Reskilling and upskilling in tourism: a need and a business opportunity
Human resources play a central role in the tourism industry, and will remain so even with the rebound, which will result from the decline of the epidemic wave.
Consequently, all businesses will have to face many challenges and, although we cannot read the crystal ball, there is a widespread belief that there will be an intense acceleration in the change of certain paradigms. The ongoing digital revolution, the radical change in certain habits and behaviours, the evolution of certain segments such as MICE, the repercussions on the value chain and distribution are just some of the signs of the expected changes. In order to remain competitive, tourism enterprises, especially SMEs, will have to involve trained and skilled human resources to face a “new tourism season”. At the same time, even more traditional businesses such as hospitality, travel agencies, tour operators and events organisers may need to adapt their business models to new scenarios and opportunities, such as subscription models.
In this context, lifelong learning is becoming increasingly important, especially in the context of re-training, i.e. in-depth retraining also through greater access to new technologies and practices. It will not only be a necessity for employees or the workforce, but it will have to involve all levels, including the managerial and entrepreneurial one.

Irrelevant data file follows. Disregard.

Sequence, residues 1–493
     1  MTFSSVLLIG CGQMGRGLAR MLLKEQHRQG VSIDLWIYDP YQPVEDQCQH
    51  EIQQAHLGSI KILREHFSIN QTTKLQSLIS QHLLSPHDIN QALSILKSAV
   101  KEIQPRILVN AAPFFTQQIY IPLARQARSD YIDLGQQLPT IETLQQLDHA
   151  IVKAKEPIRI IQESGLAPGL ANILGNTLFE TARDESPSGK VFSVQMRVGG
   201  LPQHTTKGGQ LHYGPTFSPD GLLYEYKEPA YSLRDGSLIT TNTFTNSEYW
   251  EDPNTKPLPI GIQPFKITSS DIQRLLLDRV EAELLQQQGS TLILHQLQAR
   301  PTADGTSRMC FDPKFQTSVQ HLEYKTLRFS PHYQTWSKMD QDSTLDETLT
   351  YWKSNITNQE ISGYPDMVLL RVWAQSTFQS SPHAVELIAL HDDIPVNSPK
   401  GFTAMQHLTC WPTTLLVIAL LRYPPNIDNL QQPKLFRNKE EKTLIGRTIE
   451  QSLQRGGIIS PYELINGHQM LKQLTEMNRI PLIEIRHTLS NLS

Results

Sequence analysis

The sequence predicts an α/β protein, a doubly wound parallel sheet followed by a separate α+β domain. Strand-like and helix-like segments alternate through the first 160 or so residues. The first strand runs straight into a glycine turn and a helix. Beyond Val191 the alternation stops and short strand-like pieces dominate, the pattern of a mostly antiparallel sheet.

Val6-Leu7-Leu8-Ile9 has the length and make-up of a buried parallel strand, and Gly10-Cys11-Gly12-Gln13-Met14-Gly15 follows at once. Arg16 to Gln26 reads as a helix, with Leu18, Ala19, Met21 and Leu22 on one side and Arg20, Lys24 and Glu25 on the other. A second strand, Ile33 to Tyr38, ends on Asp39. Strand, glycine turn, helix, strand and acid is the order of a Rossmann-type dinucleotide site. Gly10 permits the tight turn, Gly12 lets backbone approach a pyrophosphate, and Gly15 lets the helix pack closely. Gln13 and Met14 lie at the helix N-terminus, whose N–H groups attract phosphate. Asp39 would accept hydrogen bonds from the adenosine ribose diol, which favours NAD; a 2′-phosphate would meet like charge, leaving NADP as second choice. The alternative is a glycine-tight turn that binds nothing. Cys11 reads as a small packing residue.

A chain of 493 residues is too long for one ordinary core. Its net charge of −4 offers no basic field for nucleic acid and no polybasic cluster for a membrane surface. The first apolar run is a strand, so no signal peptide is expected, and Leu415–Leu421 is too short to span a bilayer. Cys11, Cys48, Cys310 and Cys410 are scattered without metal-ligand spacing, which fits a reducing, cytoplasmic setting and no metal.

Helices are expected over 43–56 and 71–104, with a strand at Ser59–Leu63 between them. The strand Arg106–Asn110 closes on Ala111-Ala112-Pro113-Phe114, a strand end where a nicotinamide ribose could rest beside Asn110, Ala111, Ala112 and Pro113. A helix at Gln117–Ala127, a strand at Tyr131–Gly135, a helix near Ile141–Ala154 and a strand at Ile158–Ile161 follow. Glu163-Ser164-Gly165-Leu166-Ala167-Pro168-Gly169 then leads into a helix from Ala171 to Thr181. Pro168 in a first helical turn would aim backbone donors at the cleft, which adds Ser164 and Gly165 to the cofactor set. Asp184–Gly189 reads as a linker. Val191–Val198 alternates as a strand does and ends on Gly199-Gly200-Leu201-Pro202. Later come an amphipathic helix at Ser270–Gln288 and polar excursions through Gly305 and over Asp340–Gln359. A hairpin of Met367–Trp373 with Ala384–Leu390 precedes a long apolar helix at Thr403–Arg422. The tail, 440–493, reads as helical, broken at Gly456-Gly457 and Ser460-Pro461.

Moreover, educational and vocational training will also have to be updated to reflect the new emerging realities and scenarios.
At the same time, human resources in tourism will have to develop new skills (upskilling) since both modern working methods and scenarios will require new skills: smart working, e-commerce, data analysis, e-learning are just some of the innovations that are now becoming a pre-requisite for tourism businesses. For this reason, the European Union set up a new Erasmus+ programme and the ESF, European Social Fund, which will finance many of these projects.
Furthermore, incubators and accelerators will play an important role in enabling tourism SMEs and startups to scale their business, supporting them in adopting new practices especially related to new technologies.
At Twissen we observed that especially in the tourism sector there is an unprecedented need for training, transversal and above all at any level, even for trainers who will have to face the challenges of distance learning. But it is exactly from the methods of training through new technologies that new business opportunities arise for companies that develop knowledge, not only because of the reduction of geographical distances, but also because of new synchronous as well as asynchronous distance learning techniques.